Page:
NIAID CEIRS | Research Publication Commentary
A global team of researchers, including investigators part of the St. Jude Center of Excellence for Influenza Research and Surveillance (SJCEIRS), show in a new study that ferrets are susceptible to the SARS-CoV-2 virus, and that infected ferrets are able to transmit the virus to other animals through both direct and indirect contact (Kim 2020). The study, published in Cell Host & Microbe by Young-Il Kim, et al., describes an important new tool in the fight against the global COVID-19 pandemic.
Ferrets have long been used for the study and prevention of respiratory diseases as many important aspects of human physiology, disease symptoms, and disease transmission are mirrored in this animal model. They are often considered the gold standard for the study of influenza viruses. One important factor is the ability of ferrets to transmit respiratory diseases. This critical feature allows investigators to examine the transmissibility and infectivity of respiratory pathogens and test medical countermeasures such as vaccines that can reduce or eliminate infection in naïve animals.
Here, Kim et al. set up a series of experiments to test different SARS-CoV-2 transmission methods using a ferret model. They tested direct transmission by placing infected and uninfected, or naïve, animals in the same cage. They tested indirect, or airborne transmission, by placing infected ferrets in cages next to healthy ferrets. Additionally, they tested transmission by exposing healthy ferrets to feces and urine from infected ferrets, as fecal transmission has been an open question in the healthcare community. Throughout their experiments, they collected data on the symptoms of both the infected and exposed ferrets. Additionally, they collected blood, nasal cavity, saliva, urine, and fecal samples to test the amount of virus in different parts of the ferret.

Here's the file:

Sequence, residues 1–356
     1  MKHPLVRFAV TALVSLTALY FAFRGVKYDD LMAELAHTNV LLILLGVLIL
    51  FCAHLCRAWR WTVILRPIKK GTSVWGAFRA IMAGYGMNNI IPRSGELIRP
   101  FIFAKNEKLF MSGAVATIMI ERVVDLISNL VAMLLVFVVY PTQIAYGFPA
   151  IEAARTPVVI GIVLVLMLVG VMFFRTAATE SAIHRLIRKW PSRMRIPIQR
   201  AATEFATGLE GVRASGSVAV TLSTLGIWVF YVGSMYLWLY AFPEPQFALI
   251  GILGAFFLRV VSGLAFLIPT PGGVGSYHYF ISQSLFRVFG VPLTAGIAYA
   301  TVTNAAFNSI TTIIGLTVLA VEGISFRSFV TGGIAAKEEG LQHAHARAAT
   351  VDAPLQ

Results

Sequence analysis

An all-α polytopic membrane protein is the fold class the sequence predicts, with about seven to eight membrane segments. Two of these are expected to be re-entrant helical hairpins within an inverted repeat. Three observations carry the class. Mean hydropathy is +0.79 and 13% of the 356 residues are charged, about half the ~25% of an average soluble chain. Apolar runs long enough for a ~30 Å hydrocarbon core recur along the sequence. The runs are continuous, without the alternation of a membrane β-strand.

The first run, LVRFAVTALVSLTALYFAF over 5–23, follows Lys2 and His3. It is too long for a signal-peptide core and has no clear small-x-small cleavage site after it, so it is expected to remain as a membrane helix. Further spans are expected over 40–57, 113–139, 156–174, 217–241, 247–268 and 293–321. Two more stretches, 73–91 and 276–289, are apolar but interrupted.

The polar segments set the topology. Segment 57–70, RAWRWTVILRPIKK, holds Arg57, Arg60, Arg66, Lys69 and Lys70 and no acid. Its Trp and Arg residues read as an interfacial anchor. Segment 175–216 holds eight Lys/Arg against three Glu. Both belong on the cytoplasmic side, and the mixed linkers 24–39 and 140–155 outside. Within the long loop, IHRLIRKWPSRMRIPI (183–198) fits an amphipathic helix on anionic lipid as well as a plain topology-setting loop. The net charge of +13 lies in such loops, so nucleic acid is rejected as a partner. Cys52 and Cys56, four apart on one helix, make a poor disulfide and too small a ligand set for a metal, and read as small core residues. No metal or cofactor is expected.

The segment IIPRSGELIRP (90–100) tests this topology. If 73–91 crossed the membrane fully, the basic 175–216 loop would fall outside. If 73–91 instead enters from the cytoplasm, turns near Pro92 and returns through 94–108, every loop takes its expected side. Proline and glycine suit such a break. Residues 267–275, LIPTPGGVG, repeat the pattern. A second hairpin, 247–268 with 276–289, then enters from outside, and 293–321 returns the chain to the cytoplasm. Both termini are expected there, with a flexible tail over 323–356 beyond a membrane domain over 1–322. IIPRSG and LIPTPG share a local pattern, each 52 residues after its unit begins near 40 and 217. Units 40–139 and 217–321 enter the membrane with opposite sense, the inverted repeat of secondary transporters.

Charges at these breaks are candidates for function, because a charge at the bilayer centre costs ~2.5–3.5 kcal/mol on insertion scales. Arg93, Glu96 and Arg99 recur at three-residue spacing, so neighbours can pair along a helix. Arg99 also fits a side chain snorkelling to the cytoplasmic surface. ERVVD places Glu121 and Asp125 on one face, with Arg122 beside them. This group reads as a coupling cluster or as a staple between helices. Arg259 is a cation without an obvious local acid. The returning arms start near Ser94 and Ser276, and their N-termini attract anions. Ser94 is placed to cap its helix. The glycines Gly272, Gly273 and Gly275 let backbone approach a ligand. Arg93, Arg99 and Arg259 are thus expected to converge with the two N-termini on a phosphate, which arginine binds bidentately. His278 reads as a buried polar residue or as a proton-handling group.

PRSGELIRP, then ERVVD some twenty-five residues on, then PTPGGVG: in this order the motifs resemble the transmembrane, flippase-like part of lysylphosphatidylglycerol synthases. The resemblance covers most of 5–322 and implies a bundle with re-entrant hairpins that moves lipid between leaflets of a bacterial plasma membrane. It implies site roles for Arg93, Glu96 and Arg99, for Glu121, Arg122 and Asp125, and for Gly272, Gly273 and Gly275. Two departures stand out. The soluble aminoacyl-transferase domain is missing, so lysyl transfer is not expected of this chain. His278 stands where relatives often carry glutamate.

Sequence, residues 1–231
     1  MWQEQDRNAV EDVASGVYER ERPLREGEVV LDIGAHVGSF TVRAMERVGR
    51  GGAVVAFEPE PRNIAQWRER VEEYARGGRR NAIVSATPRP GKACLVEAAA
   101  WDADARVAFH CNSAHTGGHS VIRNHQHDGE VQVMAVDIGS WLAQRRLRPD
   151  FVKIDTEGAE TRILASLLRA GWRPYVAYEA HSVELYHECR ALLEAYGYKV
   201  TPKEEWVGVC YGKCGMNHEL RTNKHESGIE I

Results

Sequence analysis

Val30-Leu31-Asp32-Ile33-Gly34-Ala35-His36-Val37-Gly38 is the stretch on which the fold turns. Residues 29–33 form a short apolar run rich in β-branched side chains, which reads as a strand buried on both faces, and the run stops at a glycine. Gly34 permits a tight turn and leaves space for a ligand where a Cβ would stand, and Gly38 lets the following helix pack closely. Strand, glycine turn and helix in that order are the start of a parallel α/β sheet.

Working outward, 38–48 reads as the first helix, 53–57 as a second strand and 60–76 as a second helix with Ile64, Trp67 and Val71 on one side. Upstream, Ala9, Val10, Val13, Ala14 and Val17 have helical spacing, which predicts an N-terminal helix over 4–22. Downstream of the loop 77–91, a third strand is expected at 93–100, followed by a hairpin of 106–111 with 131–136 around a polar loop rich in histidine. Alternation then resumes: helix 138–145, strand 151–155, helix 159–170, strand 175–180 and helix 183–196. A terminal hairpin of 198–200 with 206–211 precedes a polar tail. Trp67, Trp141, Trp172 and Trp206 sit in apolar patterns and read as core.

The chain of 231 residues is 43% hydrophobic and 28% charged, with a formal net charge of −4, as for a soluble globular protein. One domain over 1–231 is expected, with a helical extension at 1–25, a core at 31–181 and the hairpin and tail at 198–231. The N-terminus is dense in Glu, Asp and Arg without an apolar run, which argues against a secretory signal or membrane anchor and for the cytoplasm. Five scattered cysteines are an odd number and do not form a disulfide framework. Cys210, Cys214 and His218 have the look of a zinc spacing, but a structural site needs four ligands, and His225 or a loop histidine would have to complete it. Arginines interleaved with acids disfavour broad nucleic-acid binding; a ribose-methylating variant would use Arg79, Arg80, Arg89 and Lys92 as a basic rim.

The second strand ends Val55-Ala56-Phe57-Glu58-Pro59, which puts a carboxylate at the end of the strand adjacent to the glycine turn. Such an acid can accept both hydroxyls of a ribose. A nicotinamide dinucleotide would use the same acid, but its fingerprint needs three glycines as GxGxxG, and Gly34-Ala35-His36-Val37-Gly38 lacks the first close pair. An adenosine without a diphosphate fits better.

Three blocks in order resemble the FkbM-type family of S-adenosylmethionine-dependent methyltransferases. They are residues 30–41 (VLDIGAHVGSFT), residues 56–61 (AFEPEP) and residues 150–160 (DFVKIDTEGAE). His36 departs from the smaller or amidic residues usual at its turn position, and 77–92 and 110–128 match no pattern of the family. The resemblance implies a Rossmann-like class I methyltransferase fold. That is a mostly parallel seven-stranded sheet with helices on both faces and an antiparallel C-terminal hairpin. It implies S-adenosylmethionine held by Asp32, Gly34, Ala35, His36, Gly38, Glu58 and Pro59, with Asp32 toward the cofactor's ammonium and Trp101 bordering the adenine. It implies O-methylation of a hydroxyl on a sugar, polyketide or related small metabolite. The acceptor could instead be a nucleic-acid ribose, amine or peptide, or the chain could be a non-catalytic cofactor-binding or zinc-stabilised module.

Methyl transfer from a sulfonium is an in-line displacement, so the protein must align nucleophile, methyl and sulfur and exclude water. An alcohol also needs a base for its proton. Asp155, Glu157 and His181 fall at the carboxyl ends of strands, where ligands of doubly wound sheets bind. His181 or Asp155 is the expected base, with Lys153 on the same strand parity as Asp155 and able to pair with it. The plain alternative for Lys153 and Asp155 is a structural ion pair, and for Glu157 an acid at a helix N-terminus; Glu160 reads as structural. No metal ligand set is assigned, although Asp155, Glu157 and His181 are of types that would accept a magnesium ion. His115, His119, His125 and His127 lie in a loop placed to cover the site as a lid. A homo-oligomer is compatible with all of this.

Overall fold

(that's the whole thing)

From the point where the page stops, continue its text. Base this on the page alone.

The research team found that healthy ferrets were highly susceptible to SARS-CoV-2 infection through direct contact. Indeed, the results suggested that many ferrets exposed via direct contact became infected before the initially infected animals reached their peak viral load or most severe symptoms. The study also demonstrated that indirect transmission of SARS-CoV-2 was possible, but was much less robust than direct transmission. Transmission occurred in only 2/6 experimental animals exposed through indirect transmission; in these animals, the virus was only detected in nasal and fecal samples, and only one of these animals developed antibodies to the virus. Fecal transmission was found to be highly efficient as well; however, it should be noted, these experiments involved direct application of a fecal sample wash, as their purpose was primarily to test the infectivity of the fecal sample itself.
Together, Kim et al. presented a new ferret model for SARS-CoV-2, which will be an important tool for clarifying open questions about the virus and the disease it causes. Further, the ferret model will be another important CEIRS Network-supported tool that can help in the development of critically needed drugs and vaccines to fight the global COVID-19 pandemic.